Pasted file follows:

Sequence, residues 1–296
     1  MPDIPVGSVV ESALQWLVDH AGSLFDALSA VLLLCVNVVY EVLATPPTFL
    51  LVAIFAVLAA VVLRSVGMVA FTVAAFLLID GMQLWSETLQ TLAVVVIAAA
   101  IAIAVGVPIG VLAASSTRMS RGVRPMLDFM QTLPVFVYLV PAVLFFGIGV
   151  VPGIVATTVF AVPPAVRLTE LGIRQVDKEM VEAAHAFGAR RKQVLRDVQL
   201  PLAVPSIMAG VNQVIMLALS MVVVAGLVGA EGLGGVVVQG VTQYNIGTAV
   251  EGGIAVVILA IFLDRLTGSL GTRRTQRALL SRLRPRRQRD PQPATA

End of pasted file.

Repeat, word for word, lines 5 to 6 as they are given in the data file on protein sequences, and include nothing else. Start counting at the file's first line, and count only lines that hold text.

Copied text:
   151  VPGIVATTVF AVPPAVRLTE LGIRQVDKEM VEAAHAFGAR RKQVLRDVQL
   201  PLAVPSIMAG VNQVIMLALS MVVVAGLVGA EGLGGVVVQG VTQYNIGTAV